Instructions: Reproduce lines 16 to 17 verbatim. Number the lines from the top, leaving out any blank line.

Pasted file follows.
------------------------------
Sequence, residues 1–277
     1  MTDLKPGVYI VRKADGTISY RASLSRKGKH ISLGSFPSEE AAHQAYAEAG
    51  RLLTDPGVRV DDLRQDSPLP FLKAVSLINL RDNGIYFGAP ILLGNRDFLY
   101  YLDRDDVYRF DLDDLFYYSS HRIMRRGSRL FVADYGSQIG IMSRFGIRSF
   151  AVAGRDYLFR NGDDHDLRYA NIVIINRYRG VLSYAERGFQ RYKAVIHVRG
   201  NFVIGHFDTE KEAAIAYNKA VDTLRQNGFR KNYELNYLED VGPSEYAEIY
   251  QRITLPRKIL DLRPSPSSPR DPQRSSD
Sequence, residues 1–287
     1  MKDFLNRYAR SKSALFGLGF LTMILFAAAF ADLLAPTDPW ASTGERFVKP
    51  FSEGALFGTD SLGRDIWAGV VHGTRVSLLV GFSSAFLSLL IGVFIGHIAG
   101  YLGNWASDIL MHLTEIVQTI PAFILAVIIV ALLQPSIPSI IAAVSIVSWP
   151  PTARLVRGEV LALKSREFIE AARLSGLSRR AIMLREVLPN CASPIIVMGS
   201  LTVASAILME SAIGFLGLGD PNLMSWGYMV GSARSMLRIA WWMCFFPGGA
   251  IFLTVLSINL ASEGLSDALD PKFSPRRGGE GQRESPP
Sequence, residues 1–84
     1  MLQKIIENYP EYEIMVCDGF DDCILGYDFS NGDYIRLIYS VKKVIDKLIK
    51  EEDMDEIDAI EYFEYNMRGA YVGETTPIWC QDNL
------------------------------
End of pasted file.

     1  MLQKIIENYP EYEIMVCDGF DDCILGYDFS NGDYIRLIYS VKKVIDKLIK
    51  EEDMDEIDAI EYFEYNMRGA YVGETTPIWC QDNL